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Level of blockadeCoverage distribution (see Chapter 140)
  • Femoral nerve
  • Quadriceps, sartorius muscle, anterior aspect of hip, thigh, and knee, proximal portion of tibia
  • Saphenous nerve
  • Lateral femoral cutaneous nerve (LFCN) most often blocked as well
  • NB: Obturator nerve only rarely blocked (the “3-in-1 block” is a myth)
  • Skin of medial aspect of lower leg
  • Skin of lateral aspect of hip and thigh


  • Femoral nerve, LFCN, and obturator nerve are branches of the lumbar plexus
  • In the inguinal area, femoral nerve separated from femoral vessels by fascia iliaca (fascia of psoas–iliacus muscle). Vessels are superficial to the fascia, but the nerve is deep to it (Figure 142-1). The fascia lata is subcutaneous and superficial to all of these structures
  • For the fascia iliaca compartment block (FICB), LA is injected under the fascia iliaca, lateral to the femoral nerve, and allowing it to diffuse to both the femoral nerve and the LFCN

Figure 142-1. Anatomy: Transverse Cut at the Level of the Inguinal Crease

LFCN, Lateral femoral cutaneous nerve (this nerve lies initially under the fascia iliaca; it will then traverse fascia iliaca and fascia lata to become subcutaneous); US-in plane: needle approach for the in-plane ultrasound-guided femoral nerve block; NS or US-OOP: needle approach for the neurostimulation technique or for the out-of-plane ultrasound-guided technique; FICB: needle approach for the fascia iliaca compartment block.


Surgery or postoperative analgesia in the coverage distribution of the block:

  • Quadriceps tendon repair
  • Knee arthroscopy
  • Total knee replacement (in association with a sciatic block or spinal/general anesthesia)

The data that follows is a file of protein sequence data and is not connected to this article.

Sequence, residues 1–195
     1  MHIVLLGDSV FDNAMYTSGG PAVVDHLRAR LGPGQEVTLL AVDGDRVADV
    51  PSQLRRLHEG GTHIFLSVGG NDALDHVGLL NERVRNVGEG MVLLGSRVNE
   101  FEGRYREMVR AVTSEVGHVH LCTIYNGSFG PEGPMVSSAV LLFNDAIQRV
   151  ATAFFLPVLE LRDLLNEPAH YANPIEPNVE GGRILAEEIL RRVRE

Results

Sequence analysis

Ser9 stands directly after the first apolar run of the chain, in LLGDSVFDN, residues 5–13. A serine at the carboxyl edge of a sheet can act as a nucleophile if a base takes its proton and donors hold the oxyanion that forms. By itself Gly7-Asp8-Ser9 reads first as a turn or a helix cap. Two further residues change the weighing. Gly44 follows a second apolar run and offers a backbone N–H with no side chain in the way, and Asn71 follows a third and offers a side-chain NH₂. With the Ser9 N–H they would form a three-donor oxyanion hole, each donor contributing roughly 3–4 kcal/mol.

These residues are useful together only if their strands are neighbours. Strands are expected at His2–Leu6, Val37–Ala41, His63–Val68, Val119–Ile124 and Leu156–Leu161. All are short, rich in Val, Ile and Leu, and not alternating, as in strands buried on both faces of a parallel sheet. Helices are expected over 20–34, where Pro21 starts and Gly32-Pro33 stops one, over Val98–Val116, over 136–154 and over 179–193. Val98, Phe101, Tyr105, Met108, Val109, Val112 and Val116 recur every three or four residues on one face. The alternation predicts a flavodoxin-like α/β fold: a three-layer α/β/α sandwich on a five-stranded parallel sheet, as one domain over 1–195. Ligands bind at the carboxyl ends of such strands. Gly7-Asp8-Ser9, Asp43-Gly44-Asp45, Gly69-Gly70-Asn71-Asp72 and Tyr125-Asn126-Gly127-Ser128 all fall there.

• Total hip replacement (less analgesia than psoas compartment block, but lower risk of complication)
  • Femoral shaft fracture/ORIF
  • Harvest of skin graft from the anterior aspect of the thigh


Neurostimulation technique best not used if femoral vascular bypass (risk of graft injury).

FICB by landmarks (Figure 142-2):

  • Patient supine; retract abdominal pannus with tape if needed
  • Mark the anterior-superior iliac spine (ASIS) and the femoral pulse in the inguinal crease (these are not the classic landmarks, but they are easier and just as effective)
  • Draw a line between the two and mark the center
  • Insert needle (either a short-bevel block needle or a spinal needle) perpendicular to the skin, and elicit two “pops” (fascia lata, and then fascia iliaca). Aspirate and inject 20–30 mL of LA, in a fractionated fashion, with aspiration every 5 mL
  • This block can be performed using US, but except in the obese patient in whom the pops are poorly felt, there is little advantage, as the beauty of this block lies in its simplicity, and the fact that almost no equipment is needed

Figure 142-2. Fascia Iliaca Compartment Block ...

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